Web Server

A web server is computer software and underlying hardware that accepts requests from a web browser and responds with the content of that resource or an error message. The server can also accept and store resources sent from the user agent if configured to do so. This of your favorite block or social media account. When you send a Tweet or a post an update on Facebook, you are sending a request to web server somewhere that handles that task and updates a database to store that information.


Hypertext Transfer Protocol (HTTP) is a protocol for communication between computers. HTTP enables the development of distributed, collaborative, hypermedia information systems. It is what enables Web browsers and Web servers to communicate with each other. The protocol serves as the foundation of communication for the World Wide Web. HTTP is what allows hypertext documents to include hyperlinks to other resources that the user can easily access, for example by a mouse click or by tapping the screen in a web browser.

Client-server model

The client–server model is a software architecture that partitions tasks or workloads between the providers of a resource or service, called servers, and service requesters, called clients. Often clients and servers communicate over a computer network on separate hardware, but both client and server may reside in the same system. A server host runs one or more server programs, which share their resources with clients. A client usually does not share any of its resources, but it requests content or service from a server. Clients, therefore, initiate communication sessions with servers, which await incoming requests. Examples of computer applications that use the client–server model are web browsers / World Wide Web, email, and network printing.


HyperText Markup Language, or HTML is the standard markup language for documents designed to be displayed in a web browser. Web browsers receive HTML documents from a web server or from local storage and render the documents into multimedia web pages. HTML describes the structure of a web page semantically and originally included cues for the appearance of the document.


Cascading Style Sheets (CSS) is a style sheet language used for describing the presentation of a document written in a markup language such as HTML. CSS is a cornerstone technology of the World Wide Web. CSS is designed to enable the separation of presentation and content, including layout, colors, and fonts.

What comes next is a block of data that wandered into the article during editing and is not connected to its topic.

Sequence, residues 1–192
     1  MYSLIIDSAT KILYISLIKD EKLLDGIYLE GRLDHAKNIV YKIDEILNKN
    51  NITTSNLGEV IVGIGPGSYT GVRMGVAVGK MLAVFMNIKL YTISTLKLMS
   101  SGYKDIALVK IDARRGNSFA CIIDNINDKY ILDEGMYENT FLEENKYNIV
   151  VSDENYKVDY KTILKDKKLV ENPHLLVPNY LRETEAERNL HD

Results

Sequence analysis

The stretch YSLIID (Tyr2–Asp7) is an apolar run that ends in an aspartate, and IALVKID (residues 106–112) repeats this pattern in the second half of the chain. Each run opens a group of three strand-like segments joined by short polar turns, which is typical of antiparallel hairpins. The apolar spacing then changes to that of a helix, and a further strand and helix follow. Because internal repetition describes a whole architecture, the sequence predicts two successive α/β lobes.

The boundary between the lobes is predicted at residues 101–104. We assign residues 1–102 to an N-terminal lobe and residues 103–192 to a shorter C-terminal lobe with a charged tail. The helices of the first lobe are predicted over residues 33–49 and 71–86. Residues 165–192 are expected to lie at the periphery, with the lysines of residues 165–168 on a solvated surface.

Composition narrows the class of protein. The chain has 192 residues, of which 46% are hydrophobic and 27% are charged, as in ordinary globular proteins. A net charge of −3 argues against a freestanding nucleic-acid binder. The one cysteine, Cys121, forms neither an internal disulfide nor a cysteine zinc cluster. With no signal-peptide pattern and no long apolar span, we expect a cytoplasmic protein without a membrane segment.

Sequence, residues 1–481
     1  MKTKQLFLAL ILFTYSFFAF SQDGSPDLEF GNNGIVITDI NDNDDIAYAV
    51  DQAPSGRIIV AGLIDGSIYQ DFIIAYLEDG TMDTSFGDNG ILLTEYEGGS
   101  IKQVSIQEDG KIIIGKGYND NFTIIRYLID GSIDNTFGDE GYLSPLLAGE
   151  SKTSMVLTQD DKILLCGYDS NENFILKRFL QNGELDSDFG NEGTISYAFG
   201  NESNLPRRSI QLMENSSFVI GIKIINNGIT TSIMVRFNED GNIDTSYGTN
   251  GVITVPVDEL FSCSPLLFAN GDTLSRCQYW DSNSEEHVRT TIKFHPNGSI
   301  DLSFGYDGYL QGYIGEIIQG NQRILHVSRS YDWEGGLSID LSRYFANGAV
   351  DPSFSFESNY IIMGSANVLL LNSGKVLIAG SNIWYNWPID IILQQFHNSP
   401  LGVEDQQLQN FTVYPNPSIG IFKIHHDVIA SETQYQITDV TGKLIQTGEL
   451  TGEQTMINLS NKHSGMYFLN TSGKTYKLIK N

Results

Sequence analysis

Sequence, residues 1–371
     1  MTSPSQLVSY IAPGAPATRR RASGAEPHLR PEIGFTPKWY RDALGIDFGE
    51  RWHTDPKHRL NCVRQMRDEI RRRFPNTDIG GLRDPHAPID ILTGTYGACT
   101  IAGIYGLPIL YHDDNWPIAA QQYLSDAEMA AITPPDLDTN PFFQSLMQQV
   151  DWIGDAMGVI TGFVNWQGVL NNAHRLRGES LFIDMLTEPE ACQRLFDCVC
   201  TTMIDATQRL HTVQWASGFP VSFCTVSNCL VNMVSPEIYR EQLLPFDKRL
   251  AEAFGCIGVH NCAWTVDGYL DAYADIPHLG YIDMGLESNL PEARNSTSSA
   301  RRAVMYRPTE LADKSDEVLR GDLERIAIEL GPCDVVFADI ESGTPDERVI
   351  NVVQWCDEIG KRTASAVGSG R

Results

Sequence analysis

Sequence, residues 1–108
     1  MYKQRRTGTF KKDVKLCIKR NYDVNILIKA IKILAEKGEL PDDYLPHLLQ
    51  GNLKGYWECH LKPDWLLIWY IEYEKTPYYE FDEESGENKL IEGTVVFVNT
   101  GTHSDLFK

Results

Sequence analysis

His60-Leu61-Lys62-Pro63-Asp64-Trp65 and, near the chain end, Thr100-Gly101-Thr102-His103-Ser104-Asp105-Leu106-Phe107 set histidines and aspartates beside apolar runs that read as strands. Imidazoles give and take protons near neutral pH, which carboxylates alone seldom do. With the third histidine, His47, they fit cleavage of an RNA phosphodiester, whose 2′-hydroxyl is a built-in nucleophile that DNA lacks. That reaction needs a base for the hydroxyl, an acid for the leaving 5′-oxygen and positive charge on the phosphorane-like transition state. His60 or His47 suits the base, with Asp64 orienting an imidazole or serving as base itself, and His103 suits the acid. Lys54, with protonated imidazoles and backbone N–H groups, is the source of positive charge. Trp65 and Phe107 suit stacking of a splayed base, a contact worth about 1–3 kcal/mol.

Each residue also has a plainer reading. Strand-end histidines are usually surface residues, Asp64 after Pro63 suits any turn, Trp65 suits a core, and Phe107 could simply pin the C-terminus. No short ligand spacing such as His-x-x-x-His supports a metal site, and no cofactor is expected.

JavaScript, often abbreviated as JS, is a is high-level programming language, often just-in-time compiled, and multi-paradigm. Alongside HTML and CSS, JavaScript is one of the core technologies of the World Wide Web. Over 97% of websites use it client-side for web page behavior, often incorporating third-party libraries. Most web browsers have a dedicated JavaScript engine to execute the code on the user's device.

Backend (Server-side)

Most large-scale websites use server-side code to dynamically display different data when needed, generally pulled out of a database stored on a server and sent to the client to be displayed via some code (e.g. HTML and JavaScript).

Web browsers communicate with web servers using HTTP. When you click a link on a web page, submit a form, or run a search, an HTTP request is sent from your browser to the target server.

The request includes a URL identifying the affected resource, a method that defines the required action (for example to get, delete, or post the resource), and may include additional information encoded in URL parameters (the field-value pairs sent via a query string), as POST data (data sent by the HTTP POST method), or in associated cookies.

Web servers wait for client request messages, process them when they arrive, and reply to the web browser with an HTTP response message. The response contains a status line indicating whether or not the request succeeded (e.g. "HTTP/1.1 200 OK" for success).

The body of a successful response to a request would contain the requested resource (e.g. a new HTML page, or an image, etc...), which could then be displayed by the web browser.

Static Sites

The diagram above shows a basic web server architecture for a static site (a static site is one that returns the same hard-coded content from the server whenever a particular resource is requested). When a user wants to navigate to a page, the browser sends an HTTP "GET" request specifying its URL.

The server retrieves the requested document from its file system and returns an HTTP response containing the document and a success status (usually 200 OK). If the file cannot be retrieved for some reason, an error status is returned (see client error responses and server error responses).

Dynamic Sites

A dynamic website is one where some of the response content is generated dynamically, only when needed. On a dynamic website HTML pages are normally created by inserting data from a database into placeholders in HTML templates (this is a much more efficient way of storing large amounts of content than using static websites).

A dynamic site can return different data for a URL based on information provided by the user or stored preferences and can perform other operations as part of returning a response (e.g. sending notifications).

Most of the code to support a dynamic website must run on the server. Creating this code is known as server-side programming or backend development.

The diagram below shows a simple architecture for a dynamic website. As in the previous diagram, browsers send HTTP requests to the server, then the server processes the requests and returns appropriate HTTP responses.

Requests for static resources are handled in the same way as for static sites (static resources are any files that don't change —typically: CSS, JavaScript, Images, pre-created PDF files etc).


  1. Wikipedia, CSS (2021)

  2. Wikipedia, JavaScript (2021)